American National Election Studies
This article has multiple issues. Please help improve it or discuss these issues on the talk page. (Learn how and when to remove these template messages)
The American National Election Studies (ANES) are academically-run national surveys of voters in the United States, conducted before and after every presidential election. Though the ANES was formally established by a National Science Foundation grant in 1977, the data are a continuation of studies going back to 1948. The study has been based at the University of Michigan since its origin and, since 2005, has been run in partnership with Stanford University. Its principal investigators for the first four years of the partnership were Arthur Lupia and Jon Krosnick. As of 2017, the principal investigators are Ted Brader and Vincent Hutchings of the University of Michigan and Shanto Iyengar of Stanford University.
The studies ask the same questions repeatedly over time and are frequently cited in works of political science. Early ANES data were the basis for The American Voter (1960). Now ANES data are used by scholars, students, and journalists. ANES survey results have allowed for the detection of partisan bias in survey responses, showing that the respondent's political affiliation contributes to their responses. This even extends to questions with objective, known answers, like whether or not Iraq had weapons of mass destruction.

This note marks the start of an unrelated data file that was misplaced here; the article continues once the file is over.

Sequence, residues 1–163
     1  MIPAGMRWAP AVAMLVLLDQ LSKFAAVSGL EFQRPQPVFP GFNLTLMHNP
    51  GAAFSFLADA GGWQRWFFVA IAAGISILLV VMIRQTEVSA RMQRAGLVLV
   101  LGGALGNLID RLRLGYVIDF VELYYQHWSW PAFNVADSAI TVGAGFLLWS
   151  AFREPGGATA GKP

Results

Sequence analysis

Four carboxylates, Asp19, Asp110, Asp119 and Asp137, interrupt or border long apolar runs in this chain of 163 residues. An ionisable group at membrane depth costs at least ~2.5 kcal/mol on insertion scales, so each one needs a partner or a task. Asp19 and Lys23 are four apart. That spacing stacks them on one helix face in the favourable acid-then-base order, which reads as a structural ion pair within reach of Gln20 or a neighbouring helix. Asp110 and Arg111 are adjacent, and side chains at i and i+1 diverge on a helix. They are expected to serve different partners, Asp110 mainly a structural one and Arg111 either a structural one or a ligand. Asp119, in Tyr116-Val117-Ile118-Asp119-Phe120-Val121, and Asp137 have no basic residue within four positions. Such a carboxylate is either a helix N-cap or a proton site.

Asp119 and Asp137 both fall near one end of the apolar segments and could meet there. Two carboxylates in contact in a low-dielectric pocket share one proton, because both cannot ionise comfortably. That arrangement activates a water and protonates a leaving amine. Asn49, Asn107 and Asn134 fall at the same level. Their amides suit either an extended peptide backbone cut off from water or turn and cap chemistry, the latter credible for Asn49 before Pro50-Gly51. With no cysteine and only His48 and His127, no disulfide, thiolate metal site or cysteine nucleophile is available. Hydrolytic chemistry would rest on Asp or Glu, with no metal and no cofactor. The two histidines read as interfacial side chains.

In 2006, ANES opened the ANES Online Commons to allow interested scholars and survey professionals to propose questions for future ANES surveys.
- "ANES Principal Investigators". www.electionstudies.org. Archived from the original on 2017-11-08. Retrieved 2017-09-17.
- Bullock, John G.; Lenz, Gabriel (2019-05-11). "Partisan Bias in Surveys". Annual Review of Political Science. 22 (1): 325–342. doi:10.1146/annurev-polisci-051117-050904. ISSN 1094-2939.